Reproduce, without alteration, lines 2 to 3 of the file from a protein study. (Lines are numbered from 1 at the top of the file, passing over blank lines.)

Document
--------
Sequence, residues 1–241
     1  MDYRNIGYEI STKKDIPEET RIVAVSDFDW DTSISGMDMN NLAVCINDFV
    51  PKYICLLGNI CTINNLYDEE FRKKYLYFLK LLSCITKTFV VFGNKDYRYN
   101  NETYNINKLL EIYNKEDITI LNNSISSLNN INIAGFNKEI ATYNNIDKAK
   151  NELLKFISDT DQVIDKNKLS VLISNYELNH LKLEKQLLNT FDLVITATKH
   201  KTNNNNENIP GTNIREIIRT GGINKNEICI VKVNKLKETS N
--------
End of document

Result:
     1  MDYRNIGYEI STKKDIPEET RIVAVSDFDW DTSISGMDMN NLAVCINDFV
    51  PKYICLLGNI CTINNLYDEE FRKKYLYFLK LLSCITKTFV VFGNKDYRYN